Most seniors want to continue living in their own homes, rather than move in with a relative or relocate to an assisted living facility or nursing home. However, many people begin having trouble with everyday activities like shopping, cooking, housekeeping and personal care as they grow older.
Some common complaints or concerns that family members and caregivers might hear include:
- “The stairs are getting so hard to climb.”
- “Since my wife died, I just open a can of soup for dinner.”
- “Doing the laundry wears me out a lot more than it used to.”
- “I don’t feel very comfortable driving to the grocery store anymore.”
While family members and friends may be poised to lend a hand, assisting with a few simple tasks takes time and effort. For many family caregivers, this initial offer quickly grows into providing hours and hours of help each week as a loved one’s needs increase. Fortunately, there are several different services that can take some of this responsibility off your plate, extend a senior’s independence, improve their safety and help them age in place.
Daily Tasks Seniors May Need Help With
You can bring almost any type of assistance needed into an aging loved one’s home. The following list includes some common things elders need a helping hand with and what businesses and organizations can provide those services. While hiring individual services is great for addressing just a few unrelated needs and tends to keep the overall costs down, keep in mind that in-home care rolls several different services into one. This option is especially convenient for seniors who require assistance in a few different areas.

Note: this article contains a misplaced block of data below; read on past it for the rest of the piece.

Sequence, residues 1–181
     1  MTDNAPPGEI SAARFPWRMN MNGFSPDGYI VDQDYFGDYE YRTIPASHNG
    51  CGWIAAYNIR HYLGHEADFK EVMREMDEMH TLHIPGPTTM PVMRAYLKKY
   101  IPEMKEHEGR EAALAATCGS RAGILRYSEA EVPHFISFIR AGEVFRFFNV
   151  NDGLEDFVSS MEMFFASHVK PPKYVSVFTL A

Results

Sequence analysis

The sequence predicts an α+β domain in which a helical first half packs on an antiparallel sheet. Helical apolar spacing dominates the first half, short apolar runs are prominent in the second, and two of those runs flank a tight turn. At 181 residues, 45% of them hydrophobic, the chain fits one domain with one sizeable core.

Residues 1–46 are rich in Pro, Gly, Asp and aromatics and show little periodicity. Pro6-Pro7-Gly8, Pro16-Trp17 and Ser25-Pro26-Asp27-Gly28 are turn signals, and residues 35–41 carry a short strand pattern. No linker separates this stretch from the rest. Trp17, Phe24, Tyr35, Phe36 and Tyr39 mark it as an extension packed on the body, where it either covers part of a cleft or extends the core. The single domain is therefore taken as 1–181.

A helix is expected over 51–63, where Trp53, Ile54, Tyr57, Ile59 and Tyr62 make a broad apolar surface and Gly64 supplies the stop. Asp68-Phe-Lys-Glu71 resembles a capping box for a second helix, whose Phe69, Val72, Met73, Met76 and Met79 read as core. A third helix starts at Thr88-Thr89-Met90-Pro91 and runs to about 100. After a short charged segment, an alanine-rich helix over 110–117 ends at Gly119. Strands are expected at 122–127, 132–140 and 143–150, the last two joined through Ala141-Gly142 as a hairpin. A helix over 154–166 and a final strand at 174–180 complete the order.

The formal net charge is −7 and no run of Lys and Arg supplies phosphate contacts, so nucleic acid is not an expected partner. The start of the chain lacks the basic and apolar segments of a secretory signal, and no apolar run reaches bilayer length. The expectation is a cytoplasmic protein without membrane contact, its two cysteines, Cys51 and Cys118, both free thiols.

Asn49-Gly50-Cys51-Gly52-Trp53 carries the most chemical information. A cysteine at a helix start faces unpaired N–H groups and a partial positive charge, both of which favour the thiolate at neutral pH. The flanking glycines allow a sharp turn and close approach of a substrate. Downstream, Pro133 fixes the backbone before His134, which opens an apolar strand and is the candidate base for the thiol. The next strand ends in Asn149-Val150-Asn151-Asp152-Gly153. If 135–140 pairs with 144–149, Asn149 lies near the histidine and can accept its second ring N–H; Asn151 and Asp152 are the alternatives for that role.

Does your loved one need help with chores like housekeeping and laundry? Hiring a cleaning service can help take these tasks off their plate. The frequency of visits depends on the size of your loved one’s home, the number of people living there and the level of cleanliness they’re looking for. Even requesting a monthly visit for a deep clean can be beneficial, while others may prefer a biweekly or weekly schedule.
Home care companies can also provide light housekeeping services, but remember that an aide’s job description is to provide personal support and supervision, not just vacuum and clean windows.
Countless businesses have adopted additional convenience features like delivery and curb-side services. Of course, countless goods can be ordered online, but grocery stores, drug stores, dry cleaners and many other retail outlets now offer same-day delivery or express pick-up of items that have already been shopped. In some cases, these services can facilitate shopping and even make leaving the house entirely unnecessary. This is great for seniors who tire easily, have limited mobility or no longer drive. If the primary issue with running errands is transportation to and from stores, there are several options for this service as well, including public transportation, taxis, ridesharing services, etc.